Saturday, August 28

The AEC has published its provisional distribution of preferences which makes it very clear that Andrew Wilkie will surpass the Liberal candidate in very fine style, recording 20,430 votes to the Liberals’ 15,695 after distribution of Greens and Socialist Alliance preferences, and then comfortably winning the seat on Liberal preferences.

Friday, August 27

The Australian Electoral Commission announces it will conduct a “provisional” distribution of preferences in Denison to ascertain whether the Liberals are likely to be excluded from the count before Andrew Wilkie, a necessary precondition for the latter winning the seat.

Tuesday, August 24

6pm. Indicative preference count finished for real now, with pre-polls and hospital booths added, and Wilkie’s lead has risen to 1.2 per cent (1375 votes).

3pm. The indicative preference count for ordinary votes has been completed, and it puts Andrew Wilkie 1091 votes (1.0 per cent) clear of Labor. That’s a big hurdle for Labor to clear on absents and postals, but there are too many imponderables to say it can’t happen.

Monday, August 23

11pm. “Only one seat now in doubt as Wilkie loses bid for Denison”, reports the Sydney Morning Herald, and it’s probably not alone. This misapprehension is based on the ABC computer’s projection of the Labor-versus-Wilkie indicative preference count, which assumes the 20 booths that haven’t been counted will follow the preference pattern of the 26 that have. There is a three-sided problem here: Labor’s share of the preferences is not as high in areas where they are weak generally; the booths are being counted in alphabetical order; and the strongest Liberal booths begin with an S. Antony Green’s modelling to account for this turns the projected 0.6 per cent Labor lead into a 1.1 per cent deficit (subject to a margin of error), a view shared by PB commenters who know their way around a linear regression. However, Labor is likely to at least close that a little on postal votes.

6pm. Labor might appear to have the advantage superficially at present, but Sykesie in comments has produced a model accounting for the association between Labor’s primary vote in booths that have reported and the share of their preferences in them. The upshot is that as counts are added for booths less preferable to Labor are added, their share of the preferences will come down, Sykesie projects them to finish on 48.4 per cent with an error margin of only 1.3 per cent. However, that doesn’t factor in the likelihood that Labor’s position will improve as postal votes come in. That still makes it too close to call, but Wilkie would probably be favoured.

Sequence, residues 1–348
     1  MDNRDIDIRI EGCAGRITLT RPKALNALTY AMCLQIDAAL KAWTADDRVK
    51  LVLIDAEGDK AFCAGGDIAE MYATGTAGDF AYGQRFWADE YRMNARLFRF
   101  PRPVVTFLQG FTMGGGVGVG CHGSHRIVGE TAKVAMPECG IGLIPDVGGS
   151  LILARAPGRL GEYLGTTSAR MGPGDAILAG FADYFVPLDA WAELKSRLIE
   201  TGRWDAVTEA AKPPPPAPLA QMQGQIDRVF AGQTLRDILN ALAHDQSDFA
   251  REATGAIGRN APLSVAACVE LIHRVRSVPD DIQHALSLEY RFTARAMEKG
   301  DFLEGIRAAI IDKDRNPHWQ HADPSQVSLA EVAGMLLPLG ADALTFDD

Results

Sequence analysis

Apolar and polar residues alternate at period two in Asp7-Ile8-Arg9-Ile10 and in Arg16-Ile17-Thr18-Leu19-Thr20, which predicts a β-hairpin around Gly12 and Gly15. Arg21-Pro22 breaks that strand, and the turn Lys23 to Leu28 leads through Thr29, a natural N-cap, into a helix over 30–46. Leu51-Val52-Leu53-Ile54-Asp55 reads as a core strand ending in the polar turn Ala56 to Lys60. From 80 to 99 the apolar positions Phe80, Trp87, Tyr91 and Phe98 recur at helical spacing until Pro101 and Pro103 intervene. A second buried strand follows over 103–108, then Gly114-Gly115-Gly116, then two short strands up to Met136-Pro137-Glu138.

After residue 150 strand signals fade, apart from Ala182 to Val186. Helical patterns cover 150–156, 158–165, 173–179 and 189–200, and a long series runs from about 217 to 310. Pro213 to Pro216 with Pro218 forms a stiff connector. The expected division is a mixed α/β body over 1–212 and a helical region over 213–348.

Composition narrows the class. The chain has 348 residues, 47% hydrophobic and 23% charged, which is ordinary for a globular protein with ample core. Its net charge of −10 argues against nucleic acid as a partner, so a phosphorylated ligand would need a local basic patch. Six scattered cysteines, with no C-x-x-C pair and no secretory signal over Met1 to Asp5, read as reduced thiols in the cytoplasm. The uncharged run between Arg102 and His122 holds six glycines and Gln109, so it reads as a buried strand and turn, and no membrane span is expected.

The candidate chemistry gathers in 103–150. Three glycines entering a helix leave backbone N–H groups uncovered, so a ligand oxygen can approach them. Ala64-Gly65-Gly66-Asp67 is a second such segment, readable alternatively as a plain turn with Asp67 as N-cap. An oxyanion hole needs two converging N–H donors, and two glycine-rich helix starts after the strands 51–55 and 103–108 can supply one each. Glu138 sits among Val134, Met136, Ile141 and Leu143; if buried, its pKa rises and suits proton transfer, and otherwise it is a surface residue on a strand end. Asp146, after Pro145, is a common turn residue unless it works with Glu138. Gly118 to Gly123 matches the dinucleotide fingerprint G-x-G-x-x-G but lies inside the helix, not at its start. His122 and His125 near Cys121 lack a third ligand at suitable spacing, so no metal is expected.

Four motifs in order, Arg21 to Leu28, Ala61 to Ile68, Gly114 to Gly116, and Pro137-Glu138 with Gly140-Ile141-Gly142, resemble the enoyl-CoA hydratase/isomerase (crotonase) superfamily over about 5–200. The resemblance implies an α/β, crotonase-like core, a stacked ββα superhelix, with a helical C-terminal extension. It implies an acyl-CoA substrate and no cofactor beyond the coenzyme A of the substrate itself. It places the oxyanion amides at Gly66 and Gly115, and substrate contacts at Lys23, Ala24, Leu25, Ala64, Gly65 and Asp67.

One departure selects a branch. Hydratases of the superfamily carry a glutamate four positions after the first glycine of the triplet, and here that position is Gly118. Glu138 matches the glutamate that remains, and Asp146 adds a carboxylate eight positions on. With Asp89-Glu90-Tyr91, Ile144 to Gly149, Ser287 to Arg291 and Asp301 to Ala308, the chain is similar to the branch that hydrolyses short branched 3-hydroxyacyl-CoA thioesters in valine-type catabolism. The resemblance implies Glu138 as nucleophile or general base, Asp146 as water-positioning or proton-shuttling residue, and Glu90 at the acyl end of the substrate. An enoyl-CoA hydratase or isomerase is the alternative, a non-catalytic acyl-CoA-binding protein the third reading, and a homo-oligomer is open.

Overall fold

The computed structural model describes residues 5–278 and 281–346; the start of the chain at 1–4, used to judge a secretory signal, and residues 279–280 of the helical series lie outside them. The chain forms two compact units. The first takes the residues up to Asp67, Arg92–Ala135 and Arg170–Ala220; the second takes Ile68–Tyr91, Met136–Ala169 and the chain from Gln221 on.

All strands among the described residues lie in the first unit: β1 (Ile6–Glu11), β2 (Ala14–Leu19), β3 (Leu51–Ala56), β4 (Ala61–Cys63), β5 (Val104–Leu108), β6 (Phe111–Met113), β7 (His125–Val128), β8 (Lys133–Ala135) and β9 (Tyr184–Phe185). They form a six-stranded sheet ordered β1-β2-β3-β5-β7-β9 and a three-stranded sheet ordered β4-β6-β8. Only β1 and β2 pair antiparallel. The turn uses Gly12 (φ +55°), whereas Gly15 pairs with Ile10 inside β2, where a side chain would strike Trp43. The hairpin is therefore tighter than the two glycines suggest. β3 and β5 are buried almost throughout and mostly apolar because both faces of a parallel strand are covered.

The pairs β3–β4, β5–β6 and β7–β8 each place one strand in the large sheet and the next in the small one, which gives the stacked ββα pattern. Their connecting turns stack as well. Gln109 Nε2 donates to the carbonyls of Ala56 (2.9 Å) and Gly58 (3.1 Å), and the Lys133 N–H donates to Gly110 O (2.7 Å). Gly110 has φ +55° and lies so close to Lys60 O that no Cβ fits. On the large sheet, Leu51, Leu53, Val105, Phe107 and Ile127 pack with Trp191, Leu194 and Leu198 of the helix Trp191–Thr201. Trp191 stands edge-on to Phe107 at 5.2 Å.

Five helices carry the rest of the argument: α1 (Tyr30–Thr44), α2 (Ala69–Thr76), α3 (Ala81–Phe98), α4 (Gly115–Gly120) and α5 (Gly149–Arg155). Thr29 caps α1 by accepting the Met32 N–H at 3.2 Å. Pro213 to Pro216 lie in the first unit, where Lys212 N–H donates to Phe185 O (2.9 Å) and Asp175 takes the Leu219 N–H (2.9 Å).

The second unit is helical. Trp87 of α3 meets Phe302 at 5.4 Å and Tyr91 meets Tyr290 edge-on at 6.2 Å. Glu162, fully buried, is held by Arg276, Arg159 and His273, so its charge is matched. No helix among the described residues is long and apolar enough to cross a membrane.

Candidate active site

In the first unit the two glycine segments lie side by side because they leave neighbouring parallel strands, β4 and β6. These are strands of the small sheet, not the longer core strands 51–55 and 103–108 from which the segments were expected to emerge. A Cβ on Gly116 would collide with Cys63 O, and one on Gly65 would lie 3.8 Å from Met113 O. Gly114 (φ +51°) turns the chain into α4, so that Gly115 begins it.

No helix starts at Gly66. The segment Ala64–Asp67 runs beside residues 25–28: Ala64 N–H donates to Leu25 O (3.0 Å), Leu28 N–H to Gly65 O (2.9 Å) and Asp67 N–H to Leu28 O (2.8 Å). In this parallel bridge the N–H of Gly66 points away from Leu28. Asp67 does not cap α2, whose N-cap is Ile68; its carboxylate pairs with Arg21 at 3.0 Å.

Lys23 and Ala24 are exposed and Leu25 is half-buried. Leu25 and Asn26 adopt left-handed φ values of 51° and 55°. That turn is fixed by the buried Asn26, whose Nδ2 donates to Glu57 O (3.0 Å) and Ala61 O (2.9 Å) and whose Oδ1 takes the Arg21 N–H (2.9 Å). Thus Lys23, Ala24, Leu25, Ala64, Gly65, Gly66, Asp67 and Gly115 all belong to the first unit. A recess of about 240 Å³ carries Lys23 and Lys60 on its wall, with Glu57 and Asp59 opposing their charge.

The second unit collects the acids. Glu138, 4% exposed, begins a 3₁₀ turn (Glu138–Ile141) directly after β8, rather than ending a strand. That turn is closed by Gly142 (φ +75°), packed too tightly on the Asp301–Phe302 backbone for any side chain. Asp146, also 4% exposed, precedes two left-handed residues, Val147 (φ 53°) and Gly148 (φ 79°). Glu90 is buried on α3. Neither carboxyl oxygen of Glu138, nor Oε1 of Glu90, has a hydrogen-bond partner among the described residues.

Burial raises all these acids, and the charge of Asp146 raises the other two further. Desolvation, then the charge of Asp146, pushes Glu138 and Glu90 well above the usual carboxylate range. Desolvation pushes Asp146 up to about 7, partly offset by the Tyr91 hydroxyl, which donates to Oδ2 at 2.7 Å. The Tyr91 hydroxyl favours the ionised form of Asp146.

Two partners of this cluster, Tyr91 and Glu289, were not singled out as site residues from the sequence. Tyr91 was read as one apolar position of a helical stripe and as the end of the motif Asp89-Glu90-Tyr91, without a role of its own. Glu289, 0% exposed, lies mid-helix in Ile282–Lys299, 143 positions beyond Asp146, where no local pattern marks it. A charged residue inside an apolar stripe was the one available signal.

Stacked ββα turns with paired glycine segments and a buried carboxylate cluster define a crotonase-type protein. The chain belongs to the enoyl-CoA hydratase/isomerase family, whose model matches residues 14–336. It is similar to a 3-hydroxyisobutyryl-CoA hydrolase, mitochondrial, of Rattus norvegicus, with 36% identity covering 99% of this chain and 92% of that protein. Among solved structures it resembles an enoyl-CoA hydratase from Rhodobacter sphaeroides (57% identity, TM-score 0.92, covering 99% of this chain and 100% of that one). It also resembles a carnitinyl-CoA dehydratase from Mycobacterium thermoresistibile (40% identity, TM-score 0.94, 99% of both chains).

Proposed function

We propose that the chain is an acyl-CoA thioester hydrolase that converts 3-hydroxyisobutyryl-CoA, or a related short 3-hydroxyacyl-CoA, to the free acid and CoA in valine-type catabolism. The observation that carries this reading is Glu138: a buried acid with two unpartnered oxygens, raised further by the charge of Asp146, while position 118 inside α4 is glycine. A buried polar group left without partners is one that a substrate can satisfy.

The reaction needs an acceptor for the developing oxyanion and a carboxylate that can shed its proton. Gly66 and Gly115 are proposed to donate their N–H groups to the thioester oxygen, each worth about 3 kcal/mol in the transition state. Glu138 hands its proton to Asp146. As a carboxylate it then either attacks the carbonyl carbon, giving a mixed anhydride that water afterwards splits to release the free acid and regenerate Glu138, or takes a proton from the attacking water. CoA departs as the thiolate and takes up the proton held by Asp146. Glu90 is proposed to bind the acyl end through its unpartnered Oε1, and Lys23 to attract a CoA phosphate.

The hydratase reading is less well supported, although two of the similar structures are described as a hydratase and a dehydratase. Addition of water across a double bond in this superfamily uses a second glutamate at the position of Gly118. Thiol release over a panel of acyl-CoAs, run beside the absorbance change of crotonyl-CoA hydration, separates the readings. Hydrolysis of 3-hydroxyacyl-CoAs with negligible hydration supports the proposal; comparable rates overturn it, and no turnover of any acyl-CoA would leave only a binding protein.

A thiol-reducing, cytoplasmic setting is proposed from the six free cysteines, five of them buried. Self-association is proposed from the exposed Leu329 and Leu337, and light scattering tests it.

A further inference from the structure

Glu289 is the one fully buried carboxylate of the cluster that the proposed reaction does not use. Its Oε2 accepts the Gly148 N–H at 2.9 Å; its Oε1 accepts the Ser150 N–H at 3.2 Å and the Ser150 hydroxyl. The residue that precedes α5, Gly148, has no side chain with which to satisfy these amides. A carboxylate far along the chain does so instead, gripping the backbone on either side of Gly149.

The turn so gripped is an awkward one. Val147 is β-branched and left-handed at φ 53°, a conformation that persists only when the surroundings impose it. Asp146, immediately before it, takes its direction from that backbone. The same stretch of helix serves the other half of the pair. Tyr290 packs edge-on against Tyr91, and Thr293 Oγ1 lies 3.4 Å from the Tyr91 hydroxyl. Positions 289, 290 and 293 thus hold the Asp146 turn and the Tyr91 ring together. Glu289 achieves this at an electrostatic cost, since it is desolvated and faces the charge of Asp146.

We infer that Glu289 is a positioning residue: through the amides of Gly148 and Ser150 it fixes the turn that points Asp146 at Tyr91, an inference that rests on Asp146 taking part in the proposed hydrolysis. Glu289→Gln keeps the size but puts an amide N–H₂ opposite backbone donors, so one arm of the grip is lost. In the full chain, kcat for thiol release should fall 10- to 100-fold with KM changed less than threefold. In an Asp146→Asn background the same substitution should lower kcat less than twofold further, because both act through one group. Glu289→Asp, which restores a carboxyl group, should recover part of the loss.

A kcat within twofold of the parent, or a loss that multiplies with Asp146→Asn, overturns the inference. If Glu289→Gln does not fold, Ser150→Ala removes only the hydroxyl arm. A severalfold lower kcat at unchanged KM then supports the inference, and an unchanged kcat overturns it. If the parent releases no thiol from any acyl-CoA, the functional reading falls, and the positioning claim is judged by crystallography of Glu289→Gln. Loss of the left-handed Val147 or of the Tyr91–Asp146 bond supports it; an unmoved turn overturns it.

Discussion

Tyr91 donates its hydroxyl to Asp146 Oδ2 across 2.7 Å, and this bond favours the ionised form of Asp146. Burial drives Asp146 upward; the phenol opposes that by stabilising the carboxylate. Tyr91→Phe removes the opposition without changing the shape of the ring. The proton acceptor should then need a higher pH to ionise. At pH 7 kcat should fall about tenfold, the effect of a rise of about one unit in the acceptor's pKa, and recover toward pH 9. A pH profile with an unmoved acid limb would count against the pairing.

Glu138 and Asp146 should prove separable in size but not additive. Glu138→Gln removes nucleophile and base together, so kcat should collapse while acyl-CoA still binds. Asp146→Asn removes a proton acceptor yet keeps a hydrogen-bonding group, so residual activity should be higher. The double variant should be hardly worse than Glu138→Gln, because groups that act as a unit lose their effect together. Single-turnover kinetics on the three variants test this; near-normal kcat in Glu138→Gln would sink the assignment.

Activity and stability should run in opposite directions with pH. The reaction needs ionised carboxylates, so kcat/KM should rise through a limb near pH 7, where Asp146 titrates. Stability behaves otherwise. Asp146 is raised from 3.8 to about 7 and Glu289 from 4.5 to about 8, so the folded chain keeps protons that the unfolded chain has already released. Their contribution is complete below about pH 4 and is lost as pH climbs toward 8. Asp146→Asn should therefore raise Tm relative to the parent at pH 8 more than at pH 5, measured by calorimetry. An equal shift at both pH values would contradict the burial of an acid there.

2.30pm. The Electoral Commission is conducting a thrilling indicative preference count between Wilkie and Labor to ascertain what will happen if they are indeed the final candidates. Wilkie currently looks to be just slightly under the share of preferences he needs, but it’s been back and forth as booths have been progressively added in alphabetical order.

Sunday, August 22

Accomplished Tasmanian psephologist Kevin Bonham, who closely observed the behaviour of Greens preferences in relation to Wilkie when the latter ran at the March state elections, disagrees with Possum’s assessment that Greens preferences will not necessarily put Wilkie ahead of the Liberals, and thinks a greater threat to Wilkie would be that he might be overtaken by the Greens, who will have run a better resourced postal vote campaign. If he’s right, the surprises in Denison might not be over. It is mostly being taken for granted that Liberal preferences will allow Wilkie to ride home over Labor if he finishes ahead of them, but a WA Labor source advises caution on this count based on the precedent of Kwinana at the September 2008 state election. It was widely thought after election night the seat had been won by independent Carol Adams, but victory slipped away from her due to the surprisingly high number of Liberal voters who had Labor second.

Saturday, August 21

This post will be used to follow the late count in Denison, where independent Andrew Wilkie superficially looks well placed to win a Labor seat vacated by Duncan Kerr and contested for them by Jonathan Jackson. At issue is the distribution of preferences from the fourth-placed Greens, who polled 19.01 per cent. Wilkie needs them to close what at present is only a 0.1 per cent deficit over the Liberals, but Possum at least believes the fact preferences are splitting three ways between Labor as well as Liberal and Wilkie will land him short, especially after factoring in a likely weakening of his position as postal votes come in. However, the ABC reports “Labor scrutineers are predicting a desperately close result as preferences are distributed”.

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